An argument could be made that adequately discerning the candidates would be easier if people are more comfortable coming out today than they were in decades past.


#7

I am thinking that sexual secrecy and being religious is still a ‘thing’ for a subset of homosexuals and heterosexuals despite the fact that gay living is socially accepted in many places. Maybe this will be revealed in the wake of studies. Adequately discerning the candidates won’t be as effective as exposing the facts - remove the mystique.

Case in point: Even today, reports of current improper heterosexual and homosexual relationships with ‘religious’ continue to trickle in.

There must be a way to scrub the mystique out to make way for those truly motivated to serve Christ. Defining and exposing the mystique is one way.
Maybe there are gold nuggets in the stories of the Mary who washed Jesus’ feet or the Mary who was almost stoned or the woman at the well who had many men.
Human sexuality can’t and shouldn’t be scrubbed away but exposure does bring healing light.


#8

Sadly, some people WANT this to mean that no gay person should be in the priesthood. That is, no man with same-sex attraction is fit to serve. That’s NOT what Francis said.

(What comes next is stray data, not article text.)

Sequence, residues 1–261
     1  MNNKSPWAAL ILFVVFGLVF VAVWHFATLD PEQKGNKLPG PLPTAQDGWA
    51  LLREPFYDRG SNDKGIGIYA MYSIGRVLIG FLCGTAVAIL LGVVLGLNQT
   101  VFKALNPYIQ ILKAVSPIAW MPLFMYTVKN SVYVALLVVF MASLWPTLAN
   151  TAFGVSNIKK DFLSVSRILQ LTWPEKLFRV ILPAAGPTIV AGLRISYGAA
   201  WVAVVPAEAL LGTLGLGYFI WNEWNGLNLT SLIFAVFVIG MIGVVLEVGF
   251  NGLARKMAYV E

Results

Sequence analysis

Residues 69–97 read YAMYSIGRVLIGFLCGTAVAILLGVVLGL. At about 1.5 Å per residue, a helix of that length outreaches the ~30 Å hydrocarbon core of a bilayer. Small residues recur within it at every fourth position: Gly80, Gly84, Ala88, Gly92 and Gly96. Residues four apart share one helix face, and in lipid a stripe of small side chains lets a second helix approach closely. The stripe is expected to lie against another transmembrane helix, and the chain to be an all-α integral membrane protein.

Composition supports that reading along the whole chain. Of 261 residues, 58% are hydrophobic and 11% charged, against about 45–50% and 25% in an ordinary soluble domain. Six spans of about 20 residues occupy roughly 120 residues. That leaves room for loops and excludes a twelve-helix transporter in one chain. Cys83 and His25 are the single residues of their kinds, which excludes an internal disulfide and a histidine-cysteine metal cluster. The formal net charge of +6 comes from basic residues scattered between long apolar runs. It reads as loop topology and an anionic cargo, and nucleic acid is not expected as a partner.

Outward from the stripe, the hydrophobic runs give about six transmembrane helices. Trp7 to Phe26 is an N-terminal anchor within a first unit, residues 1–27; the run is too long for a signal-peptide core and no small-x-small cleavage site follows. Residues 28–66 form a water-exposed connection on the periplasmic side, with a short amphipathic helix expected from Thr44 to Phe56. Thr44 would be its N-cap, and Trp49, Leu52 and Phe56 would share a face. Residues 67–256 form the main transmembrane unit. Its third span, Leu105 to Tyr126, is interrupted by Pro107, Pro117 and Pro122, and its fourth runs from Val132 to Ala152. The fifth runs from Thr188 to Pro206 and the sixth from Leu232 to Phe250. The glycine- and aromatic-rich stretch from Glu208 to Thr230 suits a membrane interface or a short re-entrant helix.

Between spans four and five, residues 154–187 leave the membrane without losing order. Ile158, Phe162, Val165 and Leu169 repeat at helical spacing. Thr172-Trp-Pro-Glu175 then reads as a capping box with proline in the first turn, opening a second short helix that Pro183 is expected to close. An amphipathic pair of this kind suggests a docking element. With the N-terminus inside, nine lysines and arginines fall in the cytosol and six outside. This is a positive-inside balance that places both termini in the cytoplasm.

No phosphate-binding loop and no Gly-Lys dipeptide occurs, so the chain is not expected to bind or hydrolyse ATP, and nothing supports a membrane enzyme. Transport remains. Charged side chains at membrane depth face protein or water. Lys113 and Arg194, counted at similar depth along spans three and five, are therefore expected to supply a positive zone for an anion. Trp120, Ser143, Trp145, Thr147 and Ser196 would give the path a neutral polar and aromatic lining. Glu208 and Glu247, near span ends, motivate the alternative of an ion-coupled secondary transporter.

Plus, that would be a major problem, since many priests have same-sex attraction.


#9

I don’t know, but suspect, that the sense is that yes

  • men with same sense attraction have served, the great majority of them probably well in the priesthood.
  • Those who can continue to serve, anonymously, can continue, if no personal issues have arisen
  • Some current clergy should leave
  • Going forward, considering the scandal, considering there is a drastically different climate now than when the “anonymous” entered the priesthood, it would be prudent not to ordain gay men at all to priesthood.

#10

At least for the time being until the message is made clear.


#11

https://www.breitbart.com/faith/2018/12/02/pope-francis-no-room-homosexuality-priesthood/


#12

The fact that this is a major problem doesn’t mean it should not be dealt with. I believe that the Church needs to restore the integrity of the priesthood. If that means that my parish needs to go from 4 priests to 1, it is acceptable to fix the problem.


#13

I don’t think “restoring the integrity of the priesthood” means kicking out priests with same-sex attraction.

Jesus help us with how we treat his people. :disappointed_relieved:


#14

I just don’t feel inclined to post these other articles but trouble in Illinois and in LA, the Auxiliary Bishop is out. These both seem like big stories. I don’t really engage much in the scandal threads, I don’t have valuable input but read others remarks. It’s been some 24 hours.


#15

80% of the assaults in the U.S. were homosexual in nature. Not everyone with SSA is a predator, but there is a strong enough correlation to say that SSA is not a good thing for the priesthood.


closed #16